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The best way to learn climbing ?  One thing for sure, you won't learn it by watching videos or reading books ( believe me, I've tried). So, like they say:" Practice makes perfect".

If you are a beginner and not sure if rock climbing is for you, don't be in a rush to join a local climbing gym. If you just want to get a feeling of "rock climbing", try REI's flagship store in Seattle first. For just $25 you'll get a pair of shoes, a harness, a bunch of pictures of you climbing ( now you can tell your friends, that you are a climber and can show the proof) and a belayer ( somebody who holds the rope while you are climbing). If that felt like a thrilling experience, next step is learning the basics and getting your own "belay card".

What's a belay card? Belaying is the safety technique used to control the rope and keep the climber safe while they climb. A belay card allows you and your friends to belay each other on any climbing wall. But it's not a card you are after, since different climbing gyms have their own belay cards, it's the knowledge and skills. Every time you go to a new gym, they will ask you to take a "belay test". Good thing is, once you've passed the test (belay test ) at one climbing gym, you will be able to pass it anywhere else.

The best way to get "belay " checked ? Take a lesson! I took mine at the Edgeworks climbing gym in Tacoma. You don't have to be a member ( or have any experience) there to take a class.
For just $ 29, you'll learn everything you need to pass a test ( anywhere):

the basics of indoor climbing equipment
how to tie into a top-rope
how to belay effectively and safely
take ( and pass!) their belay test and get the card for their gym

You can rent the necessary equipment ( shoes $5 and a harness$3 ) right there at the gym at an extra charge.

After you've passed you test and got your card, and you still have doubts, you can opt for a day pass ($15).

The hardest part of climbing is not just the risk associated with this sport. The hardest part is to find a reliable partner, preferably, somebody who has more experience ( and patient enough ) to teach you, and eventually take you outside to climb "real rock".

Free Climbing Walls

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The Mountaineers' headquarters in the Magnusson Park
The Outside Climbing Wall
Sailing in the Magnusson Park
The Boulder in the North Sea Tac Park

The summer is just around the corner and more climbers flock outside to play on Washington's crags where they can be obedient from gyms' rules and fees.

There is a new addition to my collection of the free climbing walls. In my previous posts I wrote about the Marymoor Park in Redmond and Arbor Heights 360 in Auburn.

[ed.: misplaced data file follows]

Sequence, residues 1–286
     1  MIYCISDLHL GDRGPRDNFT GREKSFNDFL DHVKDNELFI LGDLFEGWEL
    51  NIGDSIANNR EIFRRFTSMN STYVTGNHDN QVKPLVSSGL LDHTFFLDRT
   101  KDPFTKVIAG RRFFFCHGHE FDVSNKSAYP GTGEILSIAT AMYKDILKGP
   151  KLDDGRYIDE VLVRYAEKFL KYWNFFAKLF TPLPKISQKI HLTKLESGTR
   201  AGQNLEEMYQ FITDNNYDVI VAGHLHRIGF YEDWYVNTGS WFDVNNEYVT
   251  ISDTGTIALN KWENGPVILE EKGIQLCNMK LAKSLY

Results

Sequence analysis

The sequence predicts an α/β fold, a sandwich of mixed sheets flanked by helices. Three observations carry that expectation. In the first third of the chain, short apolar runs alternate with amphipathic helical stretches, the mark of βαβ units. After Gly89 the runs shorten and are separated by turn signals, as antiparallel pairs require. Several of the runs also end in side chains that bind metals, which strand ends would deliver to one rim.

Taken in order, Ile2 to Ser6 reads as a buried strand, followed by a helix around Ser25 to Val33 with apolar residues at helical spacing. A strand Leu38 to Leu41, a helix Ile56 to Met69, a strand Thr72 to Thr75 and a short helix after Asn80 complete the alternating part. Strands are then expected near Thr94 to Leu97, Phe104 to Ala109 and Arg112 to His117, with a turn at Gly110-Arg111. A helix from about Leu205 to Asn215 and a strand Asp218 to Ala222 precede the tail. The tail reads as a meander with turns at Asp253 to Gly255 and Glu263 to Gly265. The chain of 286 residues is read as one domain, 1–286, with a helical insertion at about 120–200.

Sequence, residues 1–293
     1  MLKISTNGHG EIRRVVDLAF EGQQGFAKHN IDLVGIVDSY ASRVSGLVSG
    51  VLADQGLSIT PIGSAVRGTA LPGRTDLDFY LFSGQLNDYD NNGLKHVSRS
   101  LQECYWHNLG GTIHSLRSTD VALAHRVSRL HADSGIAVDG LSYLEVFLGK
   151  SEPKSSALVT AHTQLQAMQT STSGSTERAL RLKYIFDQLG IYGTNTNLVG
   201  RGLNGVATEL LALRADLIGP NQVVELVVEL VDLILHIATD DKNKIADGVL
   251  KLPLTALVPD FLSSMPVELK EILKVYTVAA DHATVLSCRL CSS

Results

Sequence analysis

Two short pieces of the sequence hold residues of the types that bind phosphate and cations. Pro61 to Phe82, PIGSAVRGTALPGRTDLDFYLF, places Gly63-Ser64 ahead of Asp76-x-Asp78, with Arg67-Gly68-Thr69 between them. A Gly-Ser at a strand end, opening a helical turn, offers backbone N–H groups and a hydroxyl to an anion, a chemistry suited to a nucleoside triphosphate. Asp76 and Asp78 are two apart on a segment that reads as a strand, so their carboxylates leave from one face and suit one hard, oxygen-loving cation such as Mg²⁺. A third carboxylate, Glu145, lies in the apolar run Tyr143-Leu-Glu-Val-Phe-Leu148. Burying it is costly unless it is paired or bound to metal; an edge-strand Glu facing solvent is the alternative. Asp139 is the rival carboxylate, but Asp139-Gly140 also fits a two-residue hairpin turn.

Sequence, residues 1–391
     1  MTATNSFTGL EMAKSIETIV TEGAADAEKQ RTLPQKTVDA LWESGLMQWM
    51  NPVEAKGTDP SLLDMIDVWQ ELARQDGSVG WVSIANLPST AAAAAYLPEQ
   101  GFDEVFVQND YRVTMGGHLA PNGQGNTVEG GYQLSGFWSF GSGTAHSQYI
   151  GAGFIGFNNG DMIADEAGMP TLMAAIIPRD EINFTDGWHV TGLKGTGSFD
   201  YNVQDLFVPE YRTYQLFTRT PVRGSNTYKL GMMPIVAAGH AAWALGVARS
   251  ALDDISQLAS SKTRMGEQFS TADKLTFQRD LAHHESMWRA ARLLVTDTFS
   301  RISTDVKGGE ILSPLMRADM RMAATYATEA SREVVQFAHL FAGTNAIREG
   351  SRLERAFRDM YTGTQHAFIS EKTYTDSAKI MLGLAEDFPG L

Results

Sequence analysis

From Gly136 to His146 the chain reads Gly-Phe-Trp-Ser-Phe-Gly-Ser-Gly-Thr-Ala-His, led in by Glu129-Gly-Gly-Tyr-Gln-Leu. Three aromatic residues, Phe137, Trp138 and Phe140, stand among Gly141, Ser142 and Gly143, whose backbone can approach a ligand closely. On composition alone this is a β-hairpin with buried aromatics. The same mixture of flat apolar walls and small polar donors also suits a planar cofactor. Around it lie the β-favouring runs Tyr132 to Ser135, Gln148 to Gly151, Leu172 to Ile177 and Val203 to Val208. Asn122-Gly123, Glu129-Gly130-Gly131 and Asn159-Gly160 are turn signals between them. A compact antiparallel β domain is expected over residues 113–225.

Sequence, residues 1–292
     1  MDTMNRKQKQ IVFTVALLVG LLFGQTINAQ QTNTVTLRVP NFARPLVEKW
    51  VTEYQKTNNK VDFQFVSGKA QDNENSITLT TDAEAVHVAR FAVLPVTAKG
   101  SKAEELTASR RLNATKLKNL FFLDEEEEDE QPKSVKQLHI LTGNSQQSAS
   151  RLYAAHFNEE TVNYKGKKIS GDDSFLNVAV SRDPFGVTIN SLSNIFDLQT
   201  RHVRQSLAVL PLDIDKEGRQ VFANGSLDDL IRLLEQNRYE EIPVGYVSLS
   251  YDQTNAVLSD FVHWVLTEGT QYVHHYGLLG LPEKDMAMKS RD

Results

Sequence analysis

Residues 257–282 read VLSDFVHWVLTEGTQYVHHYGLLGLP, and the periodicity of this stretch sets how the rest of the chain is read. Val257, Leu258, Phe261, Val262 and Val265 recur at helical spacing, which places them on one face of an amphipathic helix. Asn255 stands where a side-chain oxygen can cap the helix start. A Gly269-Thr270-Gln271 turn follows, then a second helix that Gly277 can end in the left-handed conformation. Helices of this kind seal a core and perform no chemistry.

Recently biking along the Burke-Gilman Trail in Seattle, I swung by the Magnusson Park to check out the Mountaineers' new headquarters in old Navy building, where the organization moved into last November. A rock-climbing wall made of steel and fiberglass, painted and molded to resemble a mountainside in the Cascades, rises along the southern face of the building, visible from Sand Point Way Northeast.The courtyard features an artificial boulder. The wall is open to the public. It’s free to use, but occasionally is reserved for training courses run by the Mountaineers. The mountaineers built it and donated it to the City of Seattle!

The Magnusson Park offers a wide variety of water sports activities : kayaking, sailing, windsurfing, kiteboarding.

In my post about the North Sea Tac Park, I didn't write about a boulder I found ( to my surprise) in front of the Community Center. Its not much , but it sure beats sweating in a gym on a nice summer day. Besides, did I mention it was free ?

Another reason ( besides being free ) I loved those parks , you can really multi task there : trail running, biking, climbing- whatever the order you want to do it.

Multi-sport adventures in North Central Washington.

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North Central Washington is the most startling and diverse region of our state. With four distinct seasons, 300 sunshine-filled days a year, two stunning rivers running through local towns, blooming apple orchards and mountains so close you can touch them, your stay in this area will be memorable.

This weekend started just like any other for me , but took an interesting turn at the end.

On Saturday I arrived in Leavenworth for my weekend rafting trip along the Wenatchee river , which followed by a bike ride nearby. Since I am relatively new to the whole cycling scene and didn't really know where to go ( and road biking idea didn't really appeal to me ), I went to the only place I knew in Leavenworth - Ski Bowl.